If there is anything we have learned during the past few months, it is that "surprises" have become commonplace, suggesting directional exposure should be hedged, as noted in the excerpt above. The ongoing uncertainty and constant surprises have kept volatility gauges, such as the CBOE Market Volatility Index (VIX - 30.16), relatively elevated compared to their historical averages.
With other world leaders -- including the familiar duo of French President Nicolas Sarkozy and German Chancellor Angela Merkel -- pressuring the Greek government to accept the bailout package, under threat of exile from the euro (another unpopular notion among the disgruntled citizenry), Papandreou spent the rest of the week backpedaling, right up to a narrowly won vote of confidence late Friday. Equities recovered from Tuesday morning's low, and the sell-off was relatively contained by week's end.
The equity market's prospects into the week ahead and also to year-end still appears to be constructive, as it would seem that a huge build-up in pessimism is still in the early stages of unwinding. For example, an indicator which is the 10-day equity-only, customer-only, buy-to-open put/call volume ratio on the International Securities Exchange (ISE), Chicago Board Options Exchange (CBOE), and NASDAQ OMX PHLX (PHLX), which is essentially a measure of investor sentiment, gives some evidence that a rally is eminent.
When the ratio rises from low levels (extreme optimism giving way to pessimism), the market has historically struggled. Moreover, when the ratio peaks at high levels and moves lower (extreme pessimism giving way to optimism), equities have historically advanced. As you can see on the chart below, the ratio recently peaked at its highest level since early 2009 and has turned lower. This could be evidence that the shorts are becoming less bold, and are covering their positions, which -- as we said last week -- could sustain a rally in the week ahead. The bulls should find it encouraging that this ratio has plenty of room to fall, based on historical data.
However, there are several overhead obstacles, or resistance levels, that continue to pose a challenge for the bulls in the week ahead, and are worth keeping in our view. Specifically:
1. The 1,260 region on the S&P 500 Index (SPX - 1,253.23) represents its year-to-date breakeven, as well as significant lows in March and June. SPX 1,253, by the way, is the average year-end target among money managers, as cited in the latest Barron's Big Money poll.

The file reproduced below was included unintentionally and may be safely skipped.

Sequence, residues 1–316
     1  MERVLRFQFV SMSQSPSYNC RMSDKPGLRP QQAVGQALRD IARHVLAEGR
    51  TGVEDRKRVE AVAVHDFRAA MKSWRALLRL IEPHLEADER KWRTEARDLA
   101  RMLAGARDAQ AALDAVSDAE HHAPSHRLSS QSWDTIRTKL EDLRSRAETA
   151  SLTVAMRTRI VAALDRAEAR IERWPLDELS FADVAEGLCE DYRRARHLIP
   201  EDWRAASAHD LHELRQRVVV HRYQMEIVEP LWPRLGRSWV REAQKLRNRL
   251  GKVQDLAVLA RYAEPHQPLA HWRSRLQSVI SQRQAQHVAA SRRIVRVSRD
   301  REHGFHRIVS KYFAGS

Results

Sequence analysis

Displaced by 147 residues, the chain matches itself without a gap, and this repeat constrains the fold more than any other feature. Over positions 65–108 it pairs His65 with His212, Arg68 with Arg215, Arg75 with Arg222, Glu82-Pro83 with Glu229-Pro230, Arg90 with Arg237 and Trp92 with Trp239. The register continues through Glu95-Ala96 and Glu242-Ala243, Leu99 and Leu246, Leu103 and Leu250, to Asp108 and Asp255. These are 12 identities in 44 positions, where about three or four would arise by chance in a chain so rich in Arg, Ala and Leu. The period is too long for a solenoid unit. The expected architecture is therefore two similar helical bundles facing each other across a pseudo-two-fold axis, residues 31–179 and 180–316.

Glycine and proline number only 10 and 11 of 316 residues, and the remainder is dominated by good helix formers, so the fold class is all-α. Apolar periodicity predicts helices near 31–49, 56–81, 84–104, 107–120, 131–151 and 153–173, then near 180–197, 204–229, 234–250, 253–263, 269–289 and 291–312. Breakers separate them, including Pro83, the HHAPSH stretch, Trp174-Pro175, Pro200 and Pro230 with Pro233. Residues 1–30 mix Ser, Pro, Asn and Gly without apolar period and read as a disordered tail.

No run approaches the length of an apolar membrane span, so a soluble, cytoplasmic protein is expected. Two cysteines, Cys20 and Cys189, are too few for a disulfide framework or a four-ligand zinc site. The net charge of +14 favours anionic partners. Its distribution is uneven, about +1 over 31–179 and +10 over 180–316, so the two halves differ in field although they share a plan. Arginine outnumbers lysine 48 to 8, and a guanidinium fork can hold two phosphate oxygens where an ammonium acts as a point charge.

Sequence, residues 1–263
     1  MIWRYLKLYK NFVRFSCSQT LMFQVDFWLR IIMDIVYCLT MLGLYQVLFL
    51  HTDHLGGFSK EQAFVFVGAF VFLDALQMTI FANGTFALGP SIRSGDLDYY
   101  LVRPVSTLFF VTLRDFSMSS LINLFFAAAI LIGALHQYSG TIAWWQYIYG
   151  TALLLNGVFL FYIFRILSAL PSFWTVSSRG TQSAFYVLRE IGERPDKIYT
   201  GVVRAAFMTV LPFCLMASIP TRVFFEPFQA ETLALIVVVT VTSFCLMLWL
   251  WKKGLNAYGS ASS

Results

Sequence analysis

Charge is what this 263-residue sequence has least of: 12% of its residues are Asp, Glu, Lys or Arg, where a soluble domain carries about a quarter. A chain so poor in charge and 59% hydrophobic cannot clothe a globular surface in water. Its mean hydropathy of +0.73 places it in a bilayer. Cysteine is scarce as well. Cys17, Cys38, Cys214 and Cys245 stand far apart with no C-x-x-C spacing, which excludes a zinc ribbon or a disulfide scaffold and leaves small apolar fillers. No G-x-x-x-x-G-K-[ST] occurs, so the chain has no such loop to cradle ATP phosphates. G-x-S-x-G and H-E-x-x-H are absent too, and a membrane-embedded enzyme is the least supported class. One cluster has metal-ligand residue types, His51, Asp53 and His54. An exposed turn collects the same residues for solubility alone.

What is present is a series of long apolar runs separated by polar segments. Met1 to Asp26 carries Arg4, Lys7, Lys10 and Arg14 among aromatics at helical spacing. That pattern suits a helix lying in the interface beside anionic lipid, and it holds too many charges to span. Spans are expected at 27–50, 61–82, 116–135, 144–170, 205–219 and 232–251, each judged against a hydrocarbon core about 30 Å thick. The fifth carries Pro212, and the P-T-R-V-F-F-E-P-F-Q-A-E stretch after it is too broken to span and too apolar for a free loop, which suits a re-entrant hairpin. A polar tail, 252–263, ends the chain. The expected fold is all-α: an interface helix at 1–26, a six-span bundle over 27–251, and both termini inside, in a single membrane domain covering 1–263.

2. QQQ 60 is half the all-time high, and has acted as an area of resistance on four trips up to this area in 2011.
3. MID 900 is a round-number area that marked the 2007 peak, and the 2011 breakeven is just seven points north of 900.
4. The Russell 2000 Index (RUT - 746.49) comes into the week ahead trading in the 750 area, site of its peak ahead of the 2010 "flash crash" and it 320-day moving average, an uncommon long-term average that has been significant in the past. If this trendline is taken out, which the SPX and MID managed to do late last month, the 780 area becomes the next speed bump, site of its 2011 breakeven and support in February, March, and June.
There is a continued belief that any advances will be led by small-cap and mid-cap equities and, in fact, small- and mid-cap stocks have been leading the big caps since the lows in early October. In order for this leadership to continue, the MID must sustain a move above 900, and the RUT must get over the 750 mark.
The bottom line is, there appears to be short-covering activity and money moving in from the sidelines as we transition out of an extreme in negative sentiment. With the major equity indexes back in the red, or still in the red, for 2011, some would-be investors may need a little more convincing, especially for the week ahead. That said, there is sufficient buying power available to push equities through the various resistance levels that have been pinpointed as we move into year-end. Hedging of long exposure is still prudent -- although premiums on portfolio insurance are 23% higher than they were the last time this recommendation was made, with the VIX moving from 24.53 to 30.16 over the course of the past week.